The Department of Transportation yesterday recommended a sharp cut-back in the Amtrak railroad passenger system to prevent Amtrak's deficit from soaring to $1 billion by 1984.
The reduced system advocated by DOT would serve the nation's 36 largest cities and 160 metropolitan areas, but would raise to eight the number of states without passenger service.
DOT said the new network would serve 90 percent of Amtrak's passengers with two-thirds of its track.
The changes would not affect routes in the Northeast Corridor, core of the Amtrak system.
Calling the decision to cut passenger service "a political hot potato," DOT Secretary Brock Adams said, "I'm trying very hard to avoid third-degree burns from it."
Unless the Amtrak system is pruned from the present 27,000 miles to about 18,900 miles, the government subsidies needed to keep the trains running will reach $1 billion by 1984, Adams said.
Even the curtailed rail network will require $800 million in subsidies by that date. The fiscal 1977 deficit was $529 million.
Forecasting the need for permanent federal subsidies for Amtrak, Adams said the government may have to take a greater role in running the system. Amtrak now is governed by a 13-member board with nine government representatives but is not directly responsible to Dot.
The earliest any of the trains might be dropped is July 1979, Adams said. Public hearings first must be held, and Congress will have the chance to veto any DOT decisions over Amtrak routes.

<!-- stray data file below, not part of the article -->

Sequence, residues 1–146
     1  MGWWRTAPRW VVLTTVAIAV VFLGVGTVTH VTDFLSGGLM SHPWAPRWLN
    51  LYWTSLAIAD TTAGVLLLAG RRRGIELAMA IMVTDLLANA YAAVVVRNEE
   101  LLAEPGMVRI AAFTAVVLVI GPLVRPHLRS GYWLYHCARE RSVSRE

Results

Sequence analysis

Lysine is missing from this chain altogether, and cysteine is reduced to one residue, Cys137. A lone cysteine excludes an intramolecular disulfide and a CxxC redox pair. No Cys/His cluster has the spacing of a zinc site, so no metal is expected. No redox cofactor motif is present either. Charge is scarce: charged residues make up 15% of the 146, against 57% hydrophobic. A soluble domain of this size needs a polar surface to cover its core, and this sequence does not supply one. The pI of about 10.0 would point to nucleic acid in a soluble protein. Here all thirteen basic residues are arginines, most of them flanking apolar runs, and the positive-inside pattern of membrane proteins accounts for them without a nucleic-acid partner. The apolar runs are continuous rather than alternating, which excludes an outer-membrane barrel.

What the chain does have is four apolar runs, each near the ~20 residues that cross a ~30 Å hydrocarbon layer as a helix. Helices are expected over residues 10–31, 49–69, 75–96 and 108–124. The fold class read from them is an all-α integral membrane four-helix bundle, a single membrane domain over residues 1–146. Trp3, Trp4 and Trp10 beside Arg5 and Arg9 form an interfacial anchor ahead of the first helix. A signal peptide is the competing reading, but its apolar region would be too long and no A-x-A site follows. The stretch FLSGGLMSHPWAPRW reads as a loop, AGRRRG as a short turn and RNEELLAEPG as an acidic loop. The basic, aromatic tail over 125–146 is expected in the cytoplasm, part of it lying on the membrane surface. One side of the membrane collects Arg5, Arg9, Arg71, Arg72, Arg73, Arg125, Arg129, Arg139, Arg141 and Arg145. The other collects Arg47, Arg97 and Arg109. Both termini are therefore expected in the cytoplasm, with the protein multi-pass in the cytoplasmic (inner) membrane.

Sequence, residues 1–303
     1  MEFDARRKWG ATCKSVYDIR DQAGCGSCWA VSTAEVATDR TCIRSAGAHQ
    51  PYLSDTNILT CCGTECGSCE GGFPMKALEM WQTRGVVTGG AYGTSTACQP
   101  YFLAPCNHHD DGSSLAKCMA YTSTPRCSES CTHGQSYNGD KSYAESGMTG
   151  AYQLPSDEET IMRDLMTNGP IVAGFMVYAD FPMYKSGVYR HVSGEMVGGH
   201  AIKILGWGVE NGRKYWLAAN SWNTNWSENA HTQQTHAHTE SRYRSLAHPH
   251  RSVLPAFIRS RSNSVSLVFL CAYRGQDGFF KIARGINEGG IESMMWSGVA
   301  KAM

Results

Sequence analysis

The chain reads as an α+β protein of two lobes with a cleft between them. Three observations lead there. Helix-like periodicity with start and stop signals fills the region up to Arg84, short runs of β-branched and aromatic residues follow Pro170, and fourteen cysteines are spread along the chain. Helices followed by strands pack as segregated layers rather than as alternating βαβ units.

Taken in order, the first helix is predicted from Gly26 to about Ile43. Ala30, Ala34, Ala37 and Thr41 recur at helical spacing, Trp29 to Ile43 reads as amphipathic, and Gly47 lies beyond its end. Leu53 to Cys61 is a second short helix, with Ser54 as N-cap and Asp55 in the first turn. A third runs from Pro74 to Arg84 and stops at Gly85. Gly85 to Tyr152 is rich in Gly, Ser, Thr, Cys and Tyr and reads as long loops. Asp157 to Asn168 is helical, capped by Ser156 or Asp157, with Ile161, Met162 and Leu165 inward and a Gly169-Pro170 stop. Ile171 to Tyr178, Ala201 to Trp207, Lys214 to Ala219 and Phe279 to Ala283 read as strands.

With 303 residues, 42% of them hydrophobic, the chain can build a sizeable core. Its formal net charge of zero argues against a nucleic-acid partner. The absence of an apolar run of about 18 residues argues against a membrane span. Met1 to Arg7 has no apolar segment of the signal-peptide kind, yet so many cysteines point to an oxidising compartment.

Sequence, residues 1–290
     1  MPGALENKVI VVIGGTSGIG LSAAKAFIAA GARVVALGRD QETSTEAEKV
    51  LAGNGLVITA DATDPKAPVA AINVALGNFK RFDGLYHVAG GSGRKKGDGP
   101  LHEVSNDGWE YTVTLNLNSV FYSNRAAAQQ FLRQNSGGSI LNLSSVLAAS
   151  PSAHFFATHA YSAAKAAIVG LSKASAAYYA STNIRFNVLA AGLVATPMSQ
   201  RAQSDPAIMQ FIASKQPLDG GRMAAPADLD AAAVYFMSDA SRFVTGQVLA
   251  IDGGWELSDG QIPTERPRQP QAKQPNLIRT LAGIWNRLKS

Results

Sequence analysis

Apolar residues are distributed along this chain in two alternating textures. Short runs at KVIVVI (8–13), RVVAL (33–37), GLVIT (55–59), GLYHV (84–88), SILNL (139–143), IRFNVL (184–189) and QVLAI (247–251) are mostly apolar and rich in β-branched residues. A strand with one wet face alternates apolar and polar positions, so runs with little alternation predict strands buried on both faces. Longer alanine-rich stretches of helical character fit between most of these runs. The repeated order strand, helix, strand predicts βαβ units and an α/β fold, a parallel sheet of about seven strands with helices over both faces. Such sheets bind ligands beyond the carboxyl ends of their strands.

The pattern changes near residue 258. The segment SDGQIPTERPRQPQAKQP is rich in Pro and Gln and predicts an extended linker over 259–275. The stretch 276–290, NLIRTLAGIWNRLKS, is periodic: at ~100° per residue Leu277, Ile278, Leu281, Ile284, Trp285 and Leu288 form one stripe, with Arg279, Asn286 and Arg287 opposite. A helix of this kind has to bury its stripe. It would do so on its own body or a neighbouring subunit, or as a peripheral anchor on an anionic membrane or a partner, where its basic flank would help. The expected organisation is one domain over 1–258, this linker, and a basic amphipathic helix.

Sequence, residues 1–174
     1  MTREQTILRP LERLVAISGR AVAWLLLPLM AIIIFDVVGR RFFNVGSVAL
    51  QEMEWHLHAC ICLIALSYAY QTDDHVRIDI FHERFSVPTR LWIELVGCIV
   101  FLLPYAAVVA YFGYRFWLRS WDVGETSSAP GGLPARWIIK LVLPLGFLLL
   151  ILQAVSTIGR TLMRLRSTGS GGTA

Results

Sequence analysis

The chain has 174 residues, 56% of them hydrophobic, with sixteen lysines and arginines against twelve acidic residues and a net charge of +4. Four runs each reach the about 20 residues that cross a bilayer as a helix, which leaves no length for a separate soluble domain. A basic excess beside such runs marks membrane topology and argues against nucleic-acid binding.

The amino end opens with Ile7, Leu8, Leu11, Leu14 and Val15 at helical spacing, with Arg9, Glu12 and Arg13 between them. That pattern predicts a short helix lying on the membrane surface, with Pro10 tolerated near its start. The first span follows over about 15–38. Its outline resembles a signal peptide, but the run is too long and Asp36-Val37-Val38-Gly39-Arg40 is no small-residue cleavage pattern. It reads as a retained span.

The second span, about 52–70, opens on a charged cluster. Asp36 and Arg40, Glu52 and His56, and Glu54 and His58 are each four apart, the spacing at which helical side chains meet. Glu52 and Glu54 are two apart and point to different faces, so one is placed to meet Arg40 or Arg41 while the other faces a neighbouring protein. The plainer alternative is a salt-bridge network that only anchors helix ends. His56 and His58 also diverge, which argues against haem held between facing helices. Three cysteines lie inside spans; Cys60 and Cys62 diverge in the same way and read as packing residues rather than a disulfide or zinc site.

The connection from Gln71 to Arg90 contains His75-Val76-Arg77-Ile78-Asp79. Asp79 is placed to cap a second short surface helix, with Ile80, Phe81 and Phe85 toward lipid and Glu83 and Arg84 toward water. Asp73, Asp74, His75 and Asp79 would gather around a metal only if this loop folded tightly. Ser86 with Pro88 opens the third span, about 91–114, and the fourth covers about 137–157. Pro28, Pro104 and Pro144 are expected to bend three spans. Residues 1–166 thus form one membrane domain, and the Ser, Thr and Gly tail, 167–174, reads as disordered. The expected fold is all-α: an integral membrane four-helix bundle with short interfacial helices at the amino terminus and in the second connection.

The truncated system recommended yesterday "is going to be very tough to sell to congressmen who are concerned about passenger service out in the districts," said one Capitol Hill aide who works closely on Amtrak apporpriations.
Among the trains Adams recommended dropping is the Shenandoah, from Washington to Cincinnati, which serves the district of Rep. Harley Staggers (D.W. Va.), chairman of the House Commerce Committee.
Also marked for extinction are trains backed by members of Congress from Louisiana, Florida, Arkansas and Tennessee who helped Amtrak get an $18 million suppelmental appropriation this year.
"Congress would like to keep the trains running, but it doesn't like to spend the money," Adams said at a press conference. He warned that if Congress forces Amtrak to keep unprofitable routes, "There is the danger of the whole system going down."
Adams also indicated Amtrak might have to increase its fares so the federal government does not pay for all of its cost increases, which he acknowledged are rising faster than those of other railroads.
Amtrak passenger revenues covered almost 50 percent of the operating costs in 1971, but last year paid only 37.4 percent. Meanwhile, the federal subsidies have risen from 5.3 cents per passenger mile to 12.7 cents.
DOT officials said they do not know how many cities wouls lose passenger service under the plan, because final routes for several sections of the country have not been determined.
Among the trains that DOT recommended be dropped are The Floridian, between Chicago and Florida; the Inter-American, between Chicago and Mexico; and the San Francisco Zephyr, from Chicago to the West Coast.
Also to be dropped are the Pioneer from Salt Lake City to Seattle, and the Empire Builder and North Coast Limited, which run on parallel routes from Minneapolis to Seattle and will be replaced by a single train.
The National Association of Railrod Passengers critcized the DOT recommendations, saying the Amtrak system should be expanded rather than contracted, and warning that service cuts will lead to loss of ridership and rising costs.
In addition to Maine, New Hampshire and South Dakota, which have never had Amtrak service, Arkansas, Nebraska, Wyoming, Utah and Nevada would be left out of the national rail passenger network.